Endeavour journal, 24 October 1769 (Series 03.425)
|Notes:||Page header reads: 'Tolaga Bay'|
|Author:||Banks, Joseph, Sir, 1743-1820|
|Date:||24 October 1769|
|Series title:||Series 03: The Endeavour journal of Joseph Banks, 25 August 1768 - 12 July 1771|
|Transcript:||24. This morn Dr Solander and myself went ashore botan[i]zing and found many new plants. The people behavd perfectly well, not mixing with or at all interrupting our people in what they were about but on the contrary selling them whatever they had for Otahite cloth and Glass bottles, of which they were uncommonly fond.
In our walks we met with many houses in the vallies that seemd to be quite deserted, the people livd on the ridges of hills in very slight built houses or rather shedds. For what reason they have left the vallies we can only guess, maybe for air, but if so they purchase that convenience at a dear rate as all their fishing tackle and lobster potts of which they have many must be brought up with no small labour.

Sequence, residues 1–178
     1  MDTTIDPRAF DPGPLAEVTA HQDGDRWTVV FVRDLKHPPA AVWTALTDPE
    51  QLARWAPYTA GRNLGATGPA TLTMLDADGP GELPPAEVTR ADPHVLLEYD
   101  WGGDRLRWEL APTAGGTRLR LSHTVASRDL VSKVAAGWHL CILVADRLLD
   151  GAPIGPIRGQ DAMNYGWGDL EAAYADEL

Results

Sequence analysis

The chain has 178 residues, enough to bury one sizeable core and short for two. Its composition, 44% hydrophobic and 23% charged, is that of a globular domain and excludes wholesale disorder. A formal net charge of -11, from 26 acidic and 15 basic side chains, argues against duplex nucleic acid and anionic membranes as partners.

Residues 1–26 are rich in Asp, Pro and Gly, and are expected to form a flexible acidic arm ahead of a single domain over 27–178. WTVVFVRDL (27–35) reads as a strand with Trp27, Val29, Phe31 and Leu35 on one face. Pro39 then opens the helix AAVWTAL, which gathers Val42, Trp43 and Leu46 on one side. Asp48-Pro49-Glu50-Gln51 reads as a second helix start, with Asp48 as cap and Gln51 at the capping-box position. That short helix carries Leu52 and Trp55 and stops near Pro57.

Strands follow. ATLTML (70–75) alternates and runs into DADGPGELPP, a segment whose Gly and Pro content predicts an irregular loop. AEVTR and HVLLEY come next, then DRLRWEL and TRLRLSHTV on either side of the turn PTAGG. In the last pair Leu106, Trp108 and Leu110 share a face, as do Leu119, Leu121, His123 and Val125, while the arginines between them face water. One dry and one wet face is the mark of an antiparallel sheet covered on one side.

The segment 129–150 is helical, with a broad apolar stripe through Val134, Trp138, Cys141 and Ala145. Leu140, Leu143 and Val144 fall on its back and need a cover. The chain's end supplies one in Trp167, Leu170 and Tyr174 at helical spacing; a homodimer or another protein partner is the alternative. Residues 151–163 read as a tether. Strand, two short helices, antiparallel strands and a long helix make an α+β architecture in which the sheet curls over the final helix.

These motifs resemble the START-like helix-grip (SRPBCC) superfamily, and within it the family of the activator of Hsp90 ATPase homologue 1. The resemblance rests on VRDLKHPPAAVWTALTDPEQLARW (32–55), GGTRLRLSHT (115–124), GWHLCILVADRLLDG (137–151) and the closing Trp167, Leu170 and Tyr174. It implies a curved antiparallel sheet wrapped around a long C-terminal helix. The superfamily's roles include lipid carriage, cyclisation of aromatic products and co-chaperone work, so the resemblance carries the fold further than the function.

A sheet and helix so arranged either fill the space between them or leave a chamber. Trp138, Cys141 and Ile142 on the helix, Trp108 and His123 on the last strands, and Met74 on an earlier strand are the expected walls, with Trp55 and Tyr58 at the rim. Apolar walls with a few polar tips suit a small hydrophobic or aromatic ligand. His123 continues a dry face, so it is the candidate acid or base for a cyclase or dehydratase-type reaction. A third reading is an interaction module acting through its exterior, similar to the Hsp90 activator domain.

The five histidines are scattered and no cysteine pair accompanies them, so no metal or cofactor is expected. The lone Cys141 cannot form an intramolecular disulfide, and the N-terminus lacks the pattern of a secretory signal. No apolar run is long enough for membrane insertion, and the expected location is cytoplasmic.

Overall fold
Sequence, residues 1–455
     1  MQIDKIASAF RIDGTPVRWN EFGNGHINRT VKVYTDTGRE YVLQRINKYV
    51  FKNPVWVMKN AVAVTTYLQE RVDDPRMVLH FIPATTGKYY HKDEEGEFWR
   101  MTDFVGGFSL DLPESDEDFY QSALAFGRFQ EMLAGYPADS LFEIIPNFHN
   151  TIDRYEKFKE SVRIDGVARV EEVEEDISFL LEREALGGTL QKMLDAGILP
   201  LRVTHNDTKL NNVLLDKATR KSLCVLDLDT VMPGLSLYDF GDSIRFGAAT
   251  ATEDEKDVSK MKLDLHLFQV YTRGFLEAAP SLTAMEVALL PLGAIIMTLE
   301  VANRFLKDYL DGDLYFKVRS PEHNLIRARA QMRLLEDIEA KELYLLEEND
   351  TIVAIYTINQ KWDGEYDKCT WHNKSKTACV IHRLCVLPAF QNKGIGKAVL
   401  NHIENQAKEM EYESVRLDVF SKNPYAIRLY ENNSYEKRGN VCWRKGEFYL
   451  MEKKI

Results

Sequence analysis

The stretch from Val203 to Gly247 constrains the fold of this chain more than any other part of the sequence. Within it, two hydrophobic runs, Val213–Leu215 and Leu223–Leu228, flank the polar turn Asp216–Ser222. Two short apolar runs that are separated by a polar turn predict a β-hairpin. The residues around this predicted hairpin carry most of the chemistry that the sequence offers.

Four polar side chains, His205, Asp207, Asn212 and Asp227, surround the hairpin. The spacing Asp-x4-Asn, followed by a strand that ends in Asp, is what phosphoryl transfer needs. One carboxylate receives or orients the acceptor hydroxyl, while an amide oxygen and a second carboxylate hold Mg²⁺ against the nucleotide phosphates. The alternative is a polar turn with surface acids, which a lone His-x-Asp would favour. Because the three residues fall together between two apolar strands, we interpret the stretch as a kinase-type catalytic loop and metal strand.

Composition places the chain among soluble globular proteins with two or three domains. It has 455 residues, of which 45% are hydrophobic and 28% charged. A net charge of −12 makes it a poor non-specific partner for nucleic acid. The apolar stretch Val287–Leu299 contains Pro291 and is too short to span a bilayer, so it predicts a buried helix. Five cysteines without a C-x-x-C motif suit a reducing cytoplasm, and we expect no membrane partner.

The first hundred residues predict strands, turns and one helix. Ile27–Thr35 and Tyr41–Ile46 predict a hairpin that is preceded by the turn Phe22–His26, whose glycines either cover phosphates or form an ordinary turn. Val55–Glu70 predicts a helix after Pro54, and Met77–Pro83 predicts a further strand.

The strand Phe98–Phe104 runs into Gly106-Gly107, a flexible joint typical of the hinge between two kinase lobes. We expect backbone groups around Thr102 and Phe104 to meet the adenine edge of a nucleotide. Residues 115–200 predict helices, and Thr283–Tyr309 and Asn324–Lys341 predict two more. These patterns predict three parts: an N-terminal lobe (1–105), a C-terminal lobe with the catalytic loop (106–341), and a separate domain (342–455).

We saw also as extrordinary natural curiosity. In pursuing a valley bounded on each side by steep hills we on a sudden saw a most noble arch or Cavern through the face of a rock leading directly to the sea, so that through it we had not only a view of the bay and hills on the other side but an opportunity of imagining a ship or any other grand object opposite to it. It was certainly the most magnificent surprize I have ever met with, so much is pure nature superior to art in these cases: I have seen such places made by art where from an appearance totaly inland you was led through an arch 6 feet wide and 7 high to a prospect of the sea, but here was an arch 25 yards in lengh, 9 in breadth and at least 15 in hight. In the evening we returnd to the watering place in order to go on board with our treasure of plants, birds &c . but were prevented by an old man who detaind us some time in shewing the excercise of this countrey, arms, lance and patopato as they are calld. The lance is made of hard wood from 10 to 14 feet long very sharp at the ends, the patopatoo is made of stone or bone about a foot long shapd . A stick was given him for an enemy, to this he advancd with most furious aspect brandishing his lance which he held with vast firmness; after some time he ran at the stick and supposing it a man run through the body he immediately fell upon the upper end of it, laying on most unmercifull blows with his patopatoo any one of which would probably have split most sculls; from hence I should be led to conclude that they give no quarter.